The founders of Tapooz Travel share tips for putting travel within reach.

Grand Canyon National Park
© Aicha Nystrom / Tapooz Travel LLC
Accessible; inclusive; travel; tapooz travel

When looking at the big picture, the ease with which we jetset from A to B in our globalized, hyper-connected world is nothing short of a miracle. Aïcha Nyström and Laurent Roffé, the husband-and-wife team behind the travel company Tapooz, are hoping to make that simplicity a reality for all travelers, providing bespoke planning services for those with accessibility needs.

The couple started the Bay Area–based company 11 years ago, with both having been involved in the community with disabilities; Roffé was a guide and trainer for those with disabilities, and Nyström a ski guide for those with visual impairment. 

They now service over 30 destinations, and have brought thousands of guests from all over the world to vetted destinations and experiences customized around the needs of each client. 

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“We want to see a point where anybody can get on their tablet and book as fully able-bodied people,” says Roffé. “All the tools are there, it’s just a matter of time.” 

Here are Roffé’s three tips when it comes to planning accessible travel.

1. Book with an Expert

“People in a wheelchair represent such a small portion of people with accessibility needs,” says Roffé. There’s a much broader scope of what it takes to create a navigable path of travel. Tapooz doesn’t earn commissions on bookings with its partners like travel agents would, and the couple’s years of experience mean they have deep relationships with partners that help make the trip seamless.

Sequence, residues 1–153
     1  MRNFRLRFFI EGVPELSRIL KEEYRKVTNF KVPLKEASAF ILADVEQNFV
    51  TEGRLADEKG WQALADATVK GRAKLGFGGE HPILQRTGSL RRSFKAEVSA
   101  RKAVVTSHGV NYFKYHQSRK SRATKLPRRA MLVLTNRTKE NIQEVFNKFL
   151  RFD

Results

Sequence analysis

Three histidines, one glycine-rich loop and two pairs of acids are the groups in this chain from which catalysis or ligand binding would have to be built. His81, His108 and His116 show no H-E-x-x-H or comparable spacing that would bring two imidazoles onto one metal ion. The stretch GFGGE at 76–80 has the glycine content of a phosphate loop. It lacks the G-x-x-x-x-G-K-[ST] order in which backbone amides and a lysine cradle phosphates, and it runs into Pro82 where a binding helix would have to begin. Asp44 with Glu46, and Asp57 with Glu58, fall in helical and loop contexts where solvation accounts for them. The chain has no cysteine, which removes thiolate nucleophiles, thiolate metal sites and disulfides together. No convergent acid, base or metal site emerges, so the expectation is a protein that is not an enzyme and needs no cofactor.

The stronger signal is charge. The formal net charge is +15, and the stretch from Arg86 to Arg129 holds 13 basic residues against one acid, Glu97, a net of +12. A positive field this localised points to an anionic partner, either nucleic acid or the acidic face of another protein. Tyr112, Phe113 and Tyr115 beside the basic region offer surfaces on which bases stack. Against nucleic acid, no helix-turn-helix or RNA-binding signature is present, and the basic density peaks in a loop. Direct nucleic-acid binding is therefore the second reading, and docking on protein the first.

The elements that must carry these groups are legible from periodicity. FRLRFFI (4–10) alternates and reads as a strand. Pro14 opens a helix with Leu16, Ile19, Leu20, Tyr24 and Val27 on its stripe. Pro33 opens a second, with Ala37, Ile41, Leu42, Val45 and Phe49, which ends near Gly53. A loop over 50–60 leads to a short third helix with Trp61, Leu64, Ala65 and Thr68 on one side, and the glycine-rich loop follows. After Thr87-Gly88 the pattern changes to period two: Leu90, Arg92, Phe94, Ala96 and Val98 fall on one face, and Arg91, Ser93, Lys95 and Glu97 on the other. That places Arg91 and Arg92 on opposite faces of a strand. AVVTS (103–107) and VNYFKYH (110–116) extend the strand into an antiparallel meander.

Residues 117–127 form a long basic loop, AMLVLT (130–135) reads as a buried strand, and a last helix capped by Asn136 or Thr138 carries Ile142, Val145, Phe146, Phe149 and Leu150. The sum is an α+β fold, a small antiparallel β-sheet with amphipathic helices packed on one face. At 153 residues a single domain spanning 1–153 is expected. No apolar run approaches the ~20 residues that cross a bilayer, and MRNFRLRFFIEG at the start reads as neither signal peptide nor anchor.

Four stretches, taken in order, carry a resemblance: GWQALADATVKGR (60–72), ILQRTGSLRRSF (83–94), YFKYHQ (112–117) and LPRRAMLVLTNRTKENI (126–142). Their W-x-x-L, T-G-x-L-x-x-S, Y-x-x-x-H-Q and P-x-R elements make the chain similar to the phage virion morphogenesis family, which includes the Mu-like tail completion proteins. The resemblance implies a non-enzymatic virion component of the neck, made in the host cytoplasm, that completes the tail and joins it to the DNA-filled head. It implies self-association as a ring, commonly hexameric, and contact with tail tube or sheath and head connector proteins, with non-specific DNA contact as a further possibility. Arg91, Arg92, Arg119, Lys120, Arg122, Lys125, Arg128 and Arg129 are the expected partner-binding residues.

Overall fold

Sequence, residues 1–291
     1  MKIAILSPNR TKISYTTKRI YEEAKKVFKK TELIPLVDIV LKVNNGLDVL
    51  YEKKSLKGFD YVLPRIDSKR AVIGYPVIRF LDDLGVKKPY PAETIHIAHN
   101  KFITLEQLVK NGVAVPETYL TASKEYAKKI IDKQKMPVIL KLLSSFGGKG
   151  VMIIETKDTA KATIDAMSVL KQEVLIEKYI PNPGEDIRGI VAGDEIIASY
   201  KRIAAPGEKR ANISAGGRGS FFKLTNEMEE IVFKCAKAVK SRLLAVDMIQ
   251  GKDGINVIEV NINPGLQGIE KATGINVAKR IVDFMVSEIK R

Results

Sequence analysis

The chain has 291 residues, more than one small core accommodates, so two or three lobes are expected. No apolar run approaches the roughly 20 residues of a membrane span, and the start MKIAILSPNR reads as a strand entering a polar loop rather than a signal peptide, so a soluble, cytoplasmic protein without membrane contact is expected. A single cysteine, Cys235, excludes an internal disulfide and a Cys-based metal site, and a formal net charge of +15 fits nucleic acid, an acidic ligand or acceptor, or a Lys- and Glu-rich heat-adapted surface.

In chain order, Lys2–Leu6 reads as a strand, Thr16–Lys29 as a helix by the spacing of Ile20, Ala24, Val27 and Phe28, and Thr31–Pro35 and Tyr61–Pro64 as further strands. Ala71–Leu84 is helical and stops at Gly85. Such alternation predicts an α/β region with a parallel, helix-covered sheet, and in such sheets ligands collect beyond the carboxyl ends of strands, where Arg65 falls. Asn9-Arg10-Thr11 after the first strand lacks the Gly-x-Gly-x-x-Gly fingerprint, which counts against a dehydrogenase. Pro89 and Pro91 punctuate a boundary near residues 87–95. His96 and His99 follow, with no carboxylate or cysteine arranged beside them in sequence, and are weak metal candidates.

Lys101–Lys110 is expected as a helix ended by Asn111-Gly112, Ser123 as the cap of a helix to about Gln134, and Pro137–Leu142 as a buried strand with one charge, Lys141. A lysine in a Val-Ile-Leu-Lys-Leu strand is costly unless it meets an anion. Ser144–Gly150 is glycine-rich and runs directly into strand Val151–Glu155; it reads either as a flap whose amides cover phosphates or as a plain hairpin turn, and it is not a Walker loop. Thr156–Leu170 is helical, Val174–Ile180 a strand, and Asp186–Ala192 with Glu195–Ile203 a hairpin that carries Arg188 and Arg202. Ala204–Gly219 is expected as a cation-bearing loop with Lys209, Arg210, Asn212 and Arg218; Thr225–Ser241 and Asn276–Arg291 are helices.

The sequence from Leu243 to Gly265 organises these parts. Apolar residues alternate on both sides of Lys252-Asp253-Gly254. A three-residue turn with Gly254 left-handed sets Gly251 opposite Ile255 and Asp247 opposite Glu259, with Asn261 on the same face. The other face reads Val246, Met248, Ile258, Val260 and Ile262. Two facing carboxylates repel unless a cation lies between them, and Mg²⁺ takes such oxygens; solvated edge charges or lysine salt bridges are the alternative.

Point Lobos State Natural Reserve
Point Lobos State Natural Reserve

© Aicha Nystrom / Tapooz Travel LLC

2. Don’t Skip the Parks

“The National Parks System has done a really great job of upgrading and updating; the Grand Canyon is a great example of how trails have opened up for people with a wheelchair.” He also cites the Muir Woods and Alcatraz as 100% accessible; they’ll pick you up from the ferry landing. “Don’t overlook state parks,“ he says. “Some of them are on par with providing this experience, too.”

Muir Woods
Muir Woods

Ian Smith/Unsplash

3. Always Call Ahead

When it comes to room access, Roffé says that it boils down to updates, availability, and inventory. “If you’re trying to book on your own, it’s an intricate process. Many hotels don’t have filters that allow you to plug in your requirements. It’s always best to call, verify the path of travel, and then call again to double-confirm your requirements. Especially the day before, double check.”

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